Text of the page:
Letters to the Editor

Letters to the Editor for April 12

Fund tuberculosis programs

A recent editorial reports that Diana Yu, Thurston County health officer, points to many of us over 60 years of age growing at a time when tuberculosis was more common and therefore more likely exposed to the disease. Because of that exposure atop any compromised immune system, we are far more likely to become a TB patient rather than just a carrier.

There is no effective vaccine to prevent tuberculosis, only what would seem quite affordable $20 treatment (where available).

While we look to our low case incidence here in Thurston County, our world becomes more closely integrated through travel and trade. Increased exposure to this disease cannot be ignored.

The Global Fund to Fight AIDS, Tuberculosis and Malaria has treated 6 million people in 144 countries saving lives and reducing the cycle of exposures. But, 9.4 million new cases were diagnosed. We’re getting a hold on it, but now is the time to boldly fund the treatment of this disease here and throughout our world.

NANCY CURTISS, Olympia

IRS agents will come knocking

Well, the liberals and Democrats — against the will of the majority of Americans — now have an unaffordable health care system enacted into law. Apparently, the fuzzy math, briberies and corruption are acceptable practices to achieve their goal.

Watch, read or listen as health care promises in the enacted legislation are revealed to all. A couple of President Barack Obama’s selling points for his health care were immediate coverage for all children with pre-existing conditions. That’s not true. Senior medication doughnut hole closed — not true.

How about some real eye openers, such as 15,000 IRS agents to be hired to monitor and ensure we pay for our health care? How about Viagra for convicted sex offenders? You can be sure there are more to come.

If a salesman tried to sell you a house but said you couldn’t live in it for four years, I doubt you would buy it. But you swallowed Obama’s sales pitch hook, line and sinker. For all those celebrating the passage of Obamacare, are you ready to pay for it? All of us are now participants in Obama’s spread the wealth agenda. Watch as your taxes increase and your paycheck shrinks. The IRS man is on his way and will be coming to your house.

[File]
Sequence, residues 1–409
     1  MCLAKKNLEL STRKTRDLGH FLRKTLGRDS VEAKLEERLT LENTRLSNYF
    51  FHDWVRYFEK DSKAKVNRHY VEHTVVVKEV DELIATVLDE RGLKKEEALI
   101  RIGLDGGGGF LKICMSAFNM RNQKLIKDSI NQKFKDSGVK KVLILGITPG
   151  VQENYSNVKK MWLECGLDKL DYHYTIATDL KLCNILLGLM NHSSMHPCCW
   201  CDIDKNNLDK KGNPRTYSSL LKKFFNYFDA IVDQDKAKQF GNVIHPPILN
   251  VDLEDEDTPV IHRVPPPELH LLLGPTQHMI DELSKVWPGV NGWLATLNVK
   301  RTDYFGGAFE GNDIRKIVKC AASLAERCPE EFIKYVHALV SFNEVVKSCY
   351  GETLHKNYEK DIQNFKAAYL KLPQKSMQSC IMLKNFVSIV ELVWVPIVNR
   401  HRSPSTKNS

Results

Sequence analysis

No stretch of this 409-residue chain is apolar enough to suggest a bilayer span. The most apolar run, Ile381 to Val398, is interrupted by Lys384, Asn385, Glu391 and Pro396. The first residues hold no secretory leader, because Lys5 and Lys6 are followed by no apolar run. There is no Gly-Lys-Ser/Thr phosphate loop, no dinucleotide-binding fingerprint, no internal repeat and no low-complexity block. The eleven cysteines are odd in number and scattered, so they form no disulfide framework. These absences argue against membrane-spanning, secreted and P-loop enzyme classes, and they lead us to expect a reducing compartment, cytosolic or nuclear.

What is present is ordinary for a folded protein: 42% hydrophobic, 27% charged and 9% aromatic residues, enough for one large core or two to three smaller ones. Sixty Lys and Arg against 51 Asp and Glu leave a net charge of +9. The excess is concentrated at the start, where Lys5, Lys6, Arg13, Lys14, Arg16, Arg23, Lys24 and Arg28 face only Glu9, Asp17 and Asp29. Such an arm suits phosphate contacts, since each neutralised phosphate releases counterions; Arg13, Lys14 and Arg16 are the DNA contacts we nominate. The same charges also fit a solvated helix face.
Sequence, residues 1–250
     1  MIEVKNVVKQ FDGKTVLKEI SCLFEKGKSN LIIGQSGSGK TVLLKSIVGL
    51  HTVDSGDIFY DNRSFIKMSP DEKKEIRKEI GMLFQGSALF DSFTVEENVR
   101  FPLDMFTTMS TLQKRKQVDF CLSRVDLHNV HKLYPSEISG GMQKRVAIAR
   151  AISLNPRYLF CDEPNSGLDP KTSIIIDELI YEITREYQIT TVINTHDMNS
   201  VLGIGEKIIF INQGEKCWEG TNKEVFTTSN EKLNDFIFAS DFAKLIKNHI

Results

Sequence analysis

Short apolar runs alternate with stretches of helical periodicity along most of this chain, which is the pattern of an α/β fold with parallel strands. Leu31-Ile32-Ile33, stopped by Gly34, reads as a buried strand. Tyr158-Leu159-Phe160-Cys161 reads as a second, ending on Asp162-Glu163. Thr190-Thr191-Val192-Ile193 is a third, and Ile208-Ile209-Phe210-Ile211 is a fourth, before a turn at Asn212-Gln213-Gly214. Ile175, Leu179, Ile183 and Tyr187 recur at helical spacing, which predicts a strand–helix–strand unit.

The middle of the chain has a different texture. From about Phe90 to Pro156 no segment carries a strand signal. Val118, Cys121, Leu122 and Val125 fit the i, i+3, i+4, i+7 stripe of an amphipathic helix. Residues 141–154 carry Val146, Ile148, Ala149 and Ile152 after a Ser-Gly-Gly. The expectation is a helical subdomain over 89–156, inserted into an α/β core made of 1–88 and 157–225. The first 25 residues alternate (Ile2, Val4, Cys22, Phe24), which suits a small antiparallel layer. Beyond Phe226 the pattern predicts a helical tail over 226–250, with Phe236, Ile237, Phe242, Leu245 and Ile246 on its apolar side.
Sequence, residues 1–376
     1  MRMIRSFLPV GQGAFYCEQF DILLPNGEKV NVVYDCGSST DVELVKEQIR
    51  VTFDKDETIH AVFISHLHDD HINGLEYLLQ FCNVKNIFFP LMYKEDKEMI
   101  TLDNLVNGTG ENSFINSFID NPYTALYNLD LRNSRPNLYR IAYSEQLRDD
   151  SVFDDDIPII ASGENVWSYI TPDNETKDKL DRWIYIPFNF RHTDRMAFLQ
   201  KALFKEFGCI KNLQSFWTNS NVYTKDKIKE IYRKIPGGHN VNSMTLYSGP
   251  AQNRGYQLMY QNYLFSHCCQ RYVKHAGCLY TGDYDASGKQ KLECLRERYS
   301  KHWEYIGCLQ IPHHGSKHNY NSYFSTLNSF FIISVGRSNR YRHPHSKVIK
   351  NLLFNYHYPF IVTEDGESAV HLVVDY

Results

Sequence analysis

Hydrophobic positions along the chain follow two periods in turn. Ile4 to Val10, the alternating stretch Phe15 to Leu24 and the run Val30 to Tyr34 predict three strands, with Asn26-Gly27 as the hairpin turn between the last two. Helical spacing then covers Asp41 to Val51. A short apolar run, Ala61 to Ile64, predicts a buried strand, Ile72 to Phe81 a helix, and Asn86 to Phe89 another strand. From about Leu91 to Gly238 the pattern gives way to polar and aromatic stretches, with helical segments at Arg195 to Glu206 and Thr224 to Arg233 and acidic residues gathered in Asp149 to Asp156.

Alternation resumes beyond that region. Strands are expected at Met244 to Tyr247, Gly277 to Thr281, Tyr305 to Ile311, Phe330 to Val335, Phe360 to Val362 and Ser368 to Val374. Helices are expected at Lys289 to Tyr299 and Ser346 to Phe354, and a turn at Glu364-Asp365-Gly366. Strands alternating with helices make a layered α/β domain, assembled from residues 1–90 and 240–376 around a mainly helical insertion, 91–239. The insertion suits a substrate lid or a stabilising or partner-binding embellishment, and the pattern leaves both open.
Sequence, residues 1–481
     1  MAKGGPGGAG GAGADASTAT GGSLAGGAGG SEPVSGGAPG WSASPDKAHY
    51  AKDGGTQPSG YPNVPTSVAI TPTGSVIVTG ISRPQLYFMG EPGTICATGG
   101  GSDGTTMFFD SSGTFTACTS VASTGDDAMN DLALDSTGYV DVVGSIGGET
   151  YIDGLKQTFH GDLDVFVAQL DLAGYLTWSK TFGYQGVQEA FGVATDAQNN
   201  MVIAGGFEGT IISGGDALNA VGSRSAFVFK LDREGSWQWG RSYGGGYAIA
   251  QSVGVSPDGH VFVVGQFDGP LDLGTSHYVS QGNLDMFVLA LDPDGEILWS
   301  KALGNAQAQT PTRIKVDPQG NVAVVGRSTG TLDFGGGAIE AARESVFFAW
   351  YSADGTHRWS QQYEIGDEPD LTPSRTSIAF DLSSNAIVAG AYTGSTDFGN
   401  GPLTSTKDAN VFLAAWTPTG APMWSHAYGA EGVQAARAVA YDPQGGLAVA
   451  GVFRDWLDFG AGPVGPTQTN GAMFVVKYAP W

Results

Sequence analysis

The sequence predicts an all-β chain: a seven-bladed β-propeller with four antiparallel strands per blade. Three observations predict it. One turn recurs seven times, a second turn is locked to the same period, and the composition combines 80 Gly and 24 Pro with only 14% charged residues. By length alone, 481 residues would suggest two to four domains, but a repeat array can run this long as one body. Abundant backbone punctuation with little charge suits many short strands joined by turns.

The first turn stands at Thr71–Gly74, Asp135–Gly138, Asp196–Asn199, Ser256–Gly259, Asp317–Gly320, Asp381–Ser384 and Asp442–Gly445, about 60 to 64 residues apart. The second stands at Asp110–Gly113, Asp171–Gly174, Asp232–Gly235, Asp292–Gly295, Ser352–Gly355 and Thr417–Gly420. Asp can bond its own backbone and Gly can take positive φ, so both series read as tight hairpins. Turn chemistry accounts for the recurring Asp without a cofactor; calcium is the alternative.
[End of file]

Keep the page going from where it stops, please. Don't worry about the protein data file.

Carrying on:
RONALD S. OSBORN, Olympia

Bill Pilkey running for treasurer

I support Bill Pilkey for county treasurer. He is the most qualified of any candidate for this position.

He has a unique combination of being a businessman, having had many years experience as a chief fiscal analyst for the Legislature, and having managed an organization that promotes efficiency and fiscal responsibility in state and local governments.

Pilkey is a certified financial planner, an economist and president of the Thurston County Taxpayers Association. He has a master’s degree in public administration and taught public administration and finance at two universities. He wrote a text on state and local governments in Washington. He knows finances.

Pilkey is known for his honesty and integrity. He fights politicians who hide fiscal problems from the people — like the county jail and budget problems. His comments on Channel 3 are enlightening as he challenges county commissioners to be fiscally responsible.

Pilkey writes letters to the editor to inform people about federal, state and local financial problems, health care and how to protect against earthquakes.

He cares about people, having been a hospice volunteer, and started the crisis intervention training program to help law enforcement officers work with mentally ill individuals in crisis.

We don’t need another professional politician in county government. We need Bill Pilkey who will fight for the people, tell them about county financial problems, and challenge county politicians to keep them fiscally honest. We need a change.

CHRIS WALSH, Lacey

No official religion in United States

Any attempts to bring insight and historical perspective within 250 words to such a vital and complex topic is to risk a fool’s errand. Well, here goes.

William Cosgrove recently wrote that 52 of the 55 founders of our republic were Christian and that 80 percent of our current citizens claim to be Christian. Such figures are not only suspect, but presumptuous.

However, if true, what does that say about the resolve and example of such an overwhelming majority? Given the state of popular culture, it indicates a serious degree of culpability and/or a Christianity which is, at least as much civic religion as it is spirit and truth.

And therein lies so much of America’s wonderful paradox and confusion. The Christian churches have contributed significantly to our spiritual and social heritage. For this we should be largely appreciative.

Even so, the founding elite, of varied Christian backgrounds and convictions, were as much a product of the enlightenment as they were of the post-Reformation (“Novus Ordo Seclorum” and “In God We Trust”).

While protecting religious liberty, they knew full well the dangers of sectarian intolerance. Consequently, there is no explicit mention of Jesus Christ or the Christian faith in either the Declaration or Constitution, much to the dismay of some evangelicals, then and now.

So when President Barack Obama points out that we are not a Christian nation, he is not denying our country’s rich Christian heritage. He is merely stating the obvious: The U.S.A. possess no official religion.

BRUCE NEWMAN, Olympia

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